We quickly headed over to the lunar lander exhibit, the rockets and the space suits. Both of us remarked at how small these astronauts must have been. Their suits looked kid-sized. They surely weren’t eating McDonalds in the east wing!

We headed upstairs to see the Spirit of Saint Louis and the Wright Brothers exhibit. Little did we know at the time that in just a couple days we would be in the very area of where this historical flight took place. Did you know that the Wright Brothers didn’t really become famous until they moved to France after their flight at Kitty Hawk. To most people at the time, either it wasn’t a big deal yet or news just didn’t travel fast enough to the masses of this life changing endeavor.

After being whisked out of Air and Space in a tide of people through the doors we ended up on the Mall. For people that don’t know, the Mall is a huge park like setting where many events in our history have taken place. From the Million Man March to protests and concerts and gatherings for inaugurations down the way that spill from the Capitol steps and on to the grassy areas.

The Mall is in a state of re-construction with areas fenced off and bulldozers dozing away but there is still an atmosphere of lazy days. There were school kids playing kick ball. Businessmen and women and maybe even a political honcho jogging down the gravel paths on their lunch hour and even a political demonstration or two about human trafficking from North Korea. We grabbed a soda and sat for a while and people watched. It is one of my favorite things to do.

We then headed over to the sculpture garden. What an oasis in the busy always moving city. I had never been here and we could have stayed here for hours. The flowers and plants were beautiful and the sculptures were amazing. Most notable were the typewriter eraser and the huge silver tree.

We then crossed the street and entered the National Archives. This has always been one of my favorite places. We spent time looking at all of the historic papers and entered into what they call the vault. They have letters and displays of just about everything that has happened in our country on display from bills that were passed into law to immigrant journals. One of the best ones was a collection of letters from school children. One young child wrote a letter to President Reagan asking for him to declare his bedroom eligible for disaster aid relief because his mom said it was in such disaray!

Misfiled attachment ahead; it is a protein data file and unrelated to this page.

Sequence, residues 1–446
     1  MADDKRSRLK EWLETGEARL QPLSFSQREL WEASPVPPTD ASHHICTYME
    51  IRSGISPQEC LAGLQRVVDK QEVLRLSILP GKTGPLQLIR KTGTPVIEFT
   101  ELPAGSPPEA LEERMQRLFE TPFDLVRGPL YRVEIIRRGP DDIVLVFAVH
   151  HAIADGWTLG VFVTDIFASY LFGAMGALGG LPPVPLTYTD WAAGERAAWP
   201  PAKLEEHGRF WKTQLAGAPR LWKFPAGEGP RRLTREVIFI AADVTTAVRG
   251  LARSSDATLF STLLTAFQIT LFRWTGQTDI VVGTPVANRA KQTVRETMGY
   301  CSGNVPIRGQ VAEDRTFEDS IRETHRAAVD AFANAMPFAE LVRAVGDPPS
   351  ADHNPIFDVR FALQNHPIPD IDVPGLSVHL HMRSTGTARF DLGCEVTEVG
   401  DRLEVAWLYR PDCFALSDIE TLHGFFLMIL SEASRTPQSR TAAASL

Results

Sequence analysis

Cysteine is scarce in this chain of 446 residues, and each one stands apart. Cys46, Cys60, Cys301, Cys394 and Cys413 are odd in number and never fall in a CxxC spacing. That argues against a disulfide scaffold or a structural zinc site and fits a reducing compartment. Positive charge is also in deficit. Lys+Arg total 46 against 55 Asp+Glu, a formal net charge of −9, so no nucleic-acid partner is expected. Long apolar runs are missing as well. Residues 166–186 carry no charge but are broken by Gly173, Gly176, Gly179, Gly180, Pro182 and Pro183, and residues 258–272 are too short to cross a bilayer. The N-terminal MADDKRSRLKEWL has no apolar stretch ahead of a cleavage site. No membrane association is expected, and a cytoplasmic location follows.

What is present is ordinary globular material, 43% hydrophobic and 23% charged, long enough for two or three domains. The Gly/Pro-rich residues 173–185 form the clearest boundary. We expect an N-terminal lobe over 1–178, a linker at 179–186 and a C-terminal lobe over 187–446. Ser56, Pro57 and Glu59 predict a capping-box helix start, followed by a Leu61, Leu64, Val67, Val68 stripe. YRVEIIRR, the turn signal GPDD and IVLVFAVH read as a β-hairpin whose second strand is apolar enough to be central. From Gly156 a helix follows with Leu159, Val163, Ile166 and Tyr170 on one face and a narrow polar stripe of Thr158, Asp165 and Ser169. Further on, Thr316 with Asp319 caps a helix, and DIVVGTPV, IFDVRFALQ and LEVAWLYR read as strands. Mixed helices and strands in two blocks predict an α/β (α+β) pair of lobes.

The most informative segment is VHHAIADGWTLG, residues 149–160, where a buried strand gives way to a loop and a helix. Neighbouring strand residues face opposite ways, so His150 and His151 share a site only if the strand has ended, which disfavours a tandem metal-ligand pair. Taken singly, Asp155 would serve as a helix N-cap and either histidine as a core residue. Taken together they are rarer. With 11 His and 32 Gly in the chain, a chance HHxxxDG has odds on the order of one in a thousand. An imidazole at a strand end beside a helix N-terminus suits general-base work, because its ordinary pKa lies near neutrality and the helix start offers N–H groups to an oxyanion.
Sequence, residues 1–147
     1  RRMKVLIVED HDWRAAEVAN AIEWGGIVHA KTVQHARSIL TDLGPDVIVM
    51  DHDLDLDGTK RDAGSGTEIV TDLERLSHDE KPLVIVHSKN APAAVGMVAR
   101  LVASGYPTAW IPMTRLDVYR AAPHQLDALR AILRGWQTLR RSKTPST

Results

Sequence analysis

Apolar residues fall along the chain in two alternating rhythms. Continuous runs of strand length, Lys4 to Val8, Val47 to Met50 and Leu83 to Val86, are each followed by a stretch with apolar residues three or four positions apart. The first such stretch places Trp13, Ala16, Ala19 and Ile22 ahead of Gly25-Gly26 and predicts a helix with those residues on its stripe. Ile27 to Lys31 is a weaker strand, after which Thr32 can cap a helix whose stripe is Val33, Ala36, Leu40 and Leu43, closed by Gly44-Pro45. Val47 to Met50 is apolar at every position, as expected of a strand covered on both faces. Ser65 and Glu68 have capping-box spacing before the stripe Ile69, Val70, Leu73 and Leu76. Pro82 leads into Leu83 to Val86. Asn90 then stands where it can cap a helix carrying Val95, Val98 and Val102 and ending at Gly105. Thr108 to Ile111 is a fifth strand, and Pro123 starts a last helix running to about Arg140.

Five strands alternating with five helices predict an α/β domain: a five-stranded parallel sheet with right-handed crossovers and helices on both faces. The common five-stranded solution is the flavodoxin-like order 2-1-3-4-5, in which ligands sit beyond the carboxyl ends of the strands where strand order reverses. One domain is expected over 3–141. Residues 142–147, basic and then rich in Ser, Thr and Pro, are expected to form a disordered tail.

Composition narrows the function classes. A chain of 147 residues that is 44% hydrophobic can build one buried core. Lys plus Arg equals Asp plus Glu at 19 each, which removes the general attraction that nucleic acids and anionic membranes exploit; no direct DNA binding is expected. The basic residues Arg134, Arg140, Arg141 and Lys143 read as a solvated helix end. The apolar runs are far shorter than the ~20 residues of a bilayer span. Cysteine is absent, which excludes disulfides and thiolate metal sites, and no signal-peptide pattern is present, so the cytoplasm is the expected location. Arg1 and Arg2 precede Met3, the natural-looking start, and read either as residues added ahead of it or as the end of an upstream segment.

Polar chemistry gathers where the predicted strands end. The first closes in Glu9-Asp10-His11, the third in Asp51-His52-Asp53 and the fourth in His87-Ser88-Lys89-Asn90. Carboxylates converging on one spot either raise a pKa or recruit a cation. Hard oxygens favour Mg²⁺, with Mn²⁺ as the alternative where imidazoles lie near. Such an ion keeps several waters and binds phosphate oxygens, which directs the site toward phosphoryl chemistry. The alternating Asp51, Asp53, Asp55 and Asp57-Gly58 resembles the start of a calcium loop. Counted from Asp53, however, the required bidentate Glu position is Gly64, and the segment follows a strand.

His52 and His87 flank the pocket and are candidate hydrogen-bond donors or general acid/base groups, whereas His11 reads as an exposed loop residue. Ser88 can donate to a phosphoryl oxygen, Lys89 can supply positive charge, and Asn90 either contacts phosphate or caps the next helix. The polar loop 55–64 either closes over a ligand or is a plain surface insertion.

We headed upstairs to the rotunda. Here the security is very tight and very dimly lit to protect the important documents. As we stood in line looking at the papers under special glass casings we approached the Declaration of Independence on our left. It is so faded that it is hardly legible. I remarked to Michele that by the time our grandchildren are our age this will just be a blank piece of parchment. In the middle of the room the United States Constitution is flanked by two armed guards. These people possibly have the most important job in our country. They are protecting the very document that makes us a nation.

Even though they told us time and time again not to take any pictures or to take out our cell phones for any reason, Michele almost gets arrested twice in two hours in the Nations Capital. As we were standing in front of the Constitution, Michele’s phone buzzes with a text message. What does she do? She pulls her phone out of her pocket and begins to read the message. I immediately looked over at the guard and she has taken a step forward and her hand is on her pistol! I snapped at Michele “put your phone away!” She quickly does and I assume the guard thought that was good enough because we carried on.

On our right was the Bill of Rights. It was in bad shape but not nearly as bad as the Declaration of Independence. All of these documents are in specially designed cases filled with gases to try to preserve them. The cases are huge and framed in gold and titanium. The guard mentioned, that nearly took down Michele, to another patron that the cases cost $5 million dollars each! They look like they weigh thousands of pounds. I have heard stories that at night these documents are lowered into the bowels of the Archives. I don’t know if that is true.